This young family-owned Colaba apartment has a timeless wabi-sabi aesthetic
It was a refreshing experience for Aarti Somani and Kruti Sheth of A&K Design Studio to design a 3,000 square feet Colaba apartment, without the client wanting to stuff it with furniture, arts and artefacts. “Moreover, it is flooded with natural light, has views of Alibaug and Marine Drive, and the kitchen has a view of the Arabian Sea,” says Al Somani.
The clients – a couple with a five-year-old son – didn’t want anything fancy or overdone. “They were reluctant to use marble and were happy with the wabi-sabi look,” Sheth says. Walls with a distressed finish abound. The monochromatic palette consists of beige, grey, off-white and dark grey, with some black accents. There are no pops of color. Stone, concrete and terrazzo make up the material palette. “The wood chosen is oak, because of its lighter color compared to teak,” says Somani. “Optical flow connects the spaces. The client did not want different themes in different areas, which might make the rooms appear separate.”
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The 30-foot-long corridor is treated with an arched ceiling, adding softness to its linearity. Throughout the apartment, custom pendant lights abound, reminiscent of mushrooms…and even clouds; They are made by local designers and artisans using fibre, clay, stone and concrete. With an organic aesthetic, some look like they could have “grown” like Topsy in Uncle Tom’s Cabin.
This 650-square-foot living room features a warm taupe color with white and gray upholstery and a black-and-white print. In many places, curves replace right angles. “That’s the nature of wabi-sabi,” Sheth says. “We added a fluid form to the room, curving the walls, using soft curves for the sofas and sills, and introducing amoeboid shapes to the coffee tables and rugs – most recently from Hearty Muse Atelier.” Mushroom-shaped fiberglass lamps are hung in the middle of the living area. A gray rope swing hangs in the corner, while the stone bar has Bykanchi bar stools standing guard.
In the master bedroom, the bed is located in the middle of the room. The large window at the back contains a seating area from which to look at the view or read a book. “The room is long…and the TV viewing distance would have been completely impractical if we had placed the bed at one end of the 375-square-foot room. However, to get the recommended viewing distance, we had to hang the TV on a bar that ran from ceiling to floor.” “The two chairs in front of the TV provide an additional option for watching favorite shows; the rug is from Hatsuo,” says Sheth. “The placement of the TV also ensures that the view from the three walls of French windows, all of which overlook the Arabian Sea, is not blocked. “The fourth wall between the bathroom and the bedroom has It has a large glass window, allowing natural light into the bathroom while simultaneously framing the view.” The room has an uncluttered look. “There’s only so much you can fit in a bedroom,” laughs Al-Sumani. What makes the space feel larger is the fact that it doesn’t have Walls – glass separates it from the adjacent bathroom as well.On the other hand, the 175-square-foot dressing room is an enclosed space with no windows.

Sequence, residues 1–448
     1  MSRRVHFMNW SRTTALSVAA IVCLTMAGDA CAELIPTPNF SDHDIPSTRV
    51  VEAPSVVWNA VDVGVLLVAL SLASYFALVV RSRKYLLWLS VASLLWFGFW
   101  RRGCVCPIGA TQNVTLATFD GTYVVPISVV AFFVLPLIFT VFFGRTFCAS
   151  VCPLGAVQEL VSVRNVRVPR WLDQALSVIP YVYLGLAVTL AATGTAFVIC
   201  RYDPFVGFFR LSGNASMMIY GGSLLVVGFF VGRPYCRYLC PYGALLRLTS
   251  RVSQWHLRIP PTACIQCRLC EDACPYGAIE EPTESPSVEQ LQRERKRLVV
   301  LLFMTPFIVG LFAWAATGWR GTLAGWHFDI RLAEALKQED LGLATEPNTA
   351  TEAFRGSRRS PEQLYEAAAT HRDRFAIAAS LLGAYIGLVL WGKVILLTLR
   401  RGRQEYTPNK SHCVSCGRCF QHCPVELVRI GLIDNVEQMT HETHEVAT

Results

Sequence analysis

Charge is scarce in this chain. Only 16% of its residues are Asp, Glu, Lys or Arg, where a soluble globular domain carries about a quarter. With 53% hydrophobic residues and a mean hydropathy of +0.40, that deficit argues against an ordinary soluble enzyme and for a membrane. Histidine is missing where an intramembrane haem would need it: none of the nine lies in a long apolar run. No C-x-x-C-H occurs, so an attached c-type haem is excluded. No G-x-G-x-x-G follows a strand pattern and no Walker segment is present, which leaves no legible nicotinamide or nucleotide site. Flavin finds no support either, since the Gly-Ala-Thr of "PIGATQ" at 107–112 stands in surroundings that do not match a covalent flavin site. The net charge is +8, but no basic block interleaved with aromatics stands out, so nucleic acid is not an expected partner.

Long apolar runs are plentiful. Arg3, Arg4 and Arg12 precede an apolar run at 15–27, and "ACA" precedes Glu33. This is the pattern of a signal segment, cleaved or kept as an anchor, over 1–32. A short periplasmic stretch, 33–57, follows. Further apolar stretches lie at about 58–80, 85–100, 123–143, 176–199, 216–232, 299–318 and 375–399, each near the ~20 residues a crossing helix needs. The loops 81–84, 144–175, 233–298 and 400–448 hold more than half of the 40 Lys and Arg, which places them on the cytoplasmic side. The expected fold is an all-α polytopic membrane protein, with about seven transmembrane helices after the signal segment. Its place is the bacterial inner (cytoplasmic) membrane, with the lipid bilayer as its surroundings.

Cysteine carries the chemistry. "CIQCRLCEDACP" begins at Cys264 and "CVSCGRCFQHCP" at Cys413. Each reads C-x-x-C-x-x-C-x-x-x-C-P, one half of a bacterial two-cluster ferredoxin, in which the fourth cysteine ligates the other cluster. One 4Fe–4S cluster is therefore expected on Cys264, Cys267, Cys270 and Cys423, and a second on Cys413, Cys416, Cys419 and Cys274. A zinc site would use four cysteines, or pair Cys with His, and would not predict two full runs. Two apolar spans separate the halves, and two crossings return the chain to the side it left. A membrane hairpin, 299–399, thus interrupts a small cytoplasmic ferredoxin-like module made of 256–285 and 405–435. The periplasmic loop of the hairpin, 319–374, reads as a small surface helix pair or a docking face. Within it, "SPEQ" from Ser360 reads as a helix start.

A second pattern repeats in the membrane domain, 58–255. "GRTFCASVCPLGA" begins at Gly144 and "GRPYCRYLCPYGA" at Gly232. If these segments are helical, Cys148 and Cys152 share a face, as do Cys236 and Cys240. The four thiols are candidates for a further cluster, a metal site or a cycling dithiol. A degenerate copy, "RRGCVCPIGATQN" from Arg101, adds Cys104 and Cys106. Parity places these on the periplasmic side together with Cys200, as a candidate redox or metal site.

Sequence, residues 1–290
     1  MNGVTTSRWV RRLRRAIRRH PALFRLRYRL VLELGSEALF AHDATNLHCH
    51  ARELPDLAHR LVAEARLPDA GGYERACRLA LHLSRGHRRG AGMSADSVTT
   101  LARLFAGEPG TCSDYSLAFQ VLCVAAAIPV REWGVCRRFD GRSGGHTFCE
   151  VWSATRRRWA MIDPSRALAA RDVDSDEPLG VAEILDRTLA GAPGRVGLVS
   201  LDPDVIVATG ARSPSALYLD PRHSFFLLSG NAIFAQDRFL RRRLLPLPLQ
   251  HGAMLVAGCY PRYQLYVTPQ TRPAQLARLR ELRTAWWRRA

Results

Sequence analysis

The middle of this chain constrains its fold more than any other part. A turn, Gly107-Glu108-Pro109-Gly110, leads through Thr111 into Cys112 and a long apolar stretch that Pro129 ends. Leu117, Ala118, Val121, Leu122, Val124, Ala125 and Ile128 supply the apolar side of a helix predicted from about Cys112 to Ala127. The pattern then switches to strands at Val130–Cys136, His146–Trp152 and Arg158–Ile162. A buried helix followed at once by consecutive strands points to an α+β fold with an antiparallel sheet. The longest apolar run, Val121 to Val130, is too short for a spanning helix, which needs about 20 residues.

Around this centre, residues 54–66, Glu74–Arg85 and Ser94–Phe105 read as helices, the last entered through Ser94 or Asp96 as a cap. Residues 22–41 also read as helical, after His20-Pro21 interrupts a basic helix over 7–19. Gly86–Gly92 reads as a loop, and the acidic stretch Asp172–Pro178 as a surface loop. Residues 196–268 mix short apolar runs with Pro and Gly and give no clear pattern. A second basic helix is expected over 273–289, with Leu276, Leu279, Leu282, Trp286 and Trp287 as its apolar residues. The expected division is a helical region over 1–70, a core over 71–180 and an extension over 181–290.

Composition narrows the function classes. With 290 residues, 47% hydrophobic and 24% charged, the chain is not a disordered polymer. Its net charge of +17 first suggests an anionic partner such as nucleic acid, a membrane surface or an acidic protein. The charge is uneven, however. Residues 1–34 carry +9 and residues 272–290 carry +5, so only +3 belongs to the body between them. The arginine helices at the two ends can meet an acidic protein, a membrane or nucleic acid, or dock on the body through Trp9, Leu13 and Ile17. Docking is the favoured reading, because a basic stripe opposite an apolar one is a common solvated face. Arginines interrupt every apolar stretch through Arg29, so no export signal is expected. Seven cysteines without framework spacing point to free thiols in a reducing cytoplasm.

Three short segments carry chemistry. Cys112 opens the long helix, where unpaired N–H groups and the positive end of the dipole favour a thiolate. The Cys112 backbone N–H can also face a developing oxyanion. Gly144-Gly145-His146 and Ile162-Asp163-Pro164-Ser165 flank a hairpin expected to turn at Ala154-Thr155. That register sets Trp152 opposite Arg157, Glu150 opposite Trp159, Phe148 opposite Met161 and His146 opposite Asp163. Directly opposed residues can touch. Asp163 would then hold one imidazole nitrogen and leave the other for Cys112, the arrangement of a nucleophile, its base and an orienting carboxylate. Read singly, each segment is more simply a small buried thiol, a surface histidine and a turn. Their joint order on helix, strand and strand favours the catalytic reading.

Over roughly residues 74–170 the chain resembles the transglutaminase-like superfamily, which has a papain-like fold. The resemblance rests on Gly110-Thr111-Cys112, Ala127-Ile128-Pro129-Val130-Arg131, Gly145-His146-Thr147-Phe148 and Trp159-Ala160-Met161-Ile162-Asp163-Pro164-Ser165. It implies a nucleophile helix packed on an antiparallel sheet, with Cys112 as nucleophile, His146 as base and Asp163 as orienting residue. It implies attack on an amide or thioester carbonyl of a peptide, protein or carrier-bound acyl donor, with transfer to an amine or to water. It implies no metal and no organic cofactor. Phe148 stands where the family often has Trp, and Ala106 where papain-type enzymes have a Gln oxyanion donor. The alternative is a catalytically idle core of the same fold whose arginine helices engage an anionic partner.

The son’s bedroom was designed to grow and develop with him. “Just removing the games and changing the artwork is enough,” Sheth says. “It wouldn’t take a whole room to be renovated, with a neutral theme.” The rug is designed by Hatsuo and the paintings are by Sarita Handa. The reading alcove is surrounded by shelves for books and toys. The long study table overlooking the sea features decorative lighting. The attached bathroom has a touch of mustard yellow on the countertops, with custom-made terrazzo from earth-toned chips covering other areas. There are beige strips on the walls, ceilings and storage cabinet.
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The guest room can be used as an informal lounge area. There are two sliding doors installed in a section, opening the room to the corridor that connects the entire house. Located near the entrance, it can also be used as an informal living room. There is a Murphy bed hidden in oak paneling behind the sofa. Storage is provided in sliding wood and cane shutters, while the mandir has an antique beachway as a backdrop. Lights by Harshita Gehamtani.
“The den is a concrete structure with dark wood blinds, black stone cladding and gray veneer panels. The flooring is by Bharat Floors. The custom-made terracotta lights by Shailesh Rajput are in amoeboid shapes depicting water, air and earth. A large L-shaped hugging linen and leather sofa Walls.
Resisting all passing fads, Somani and Sheth created a simple and timeless apartment in Colaba.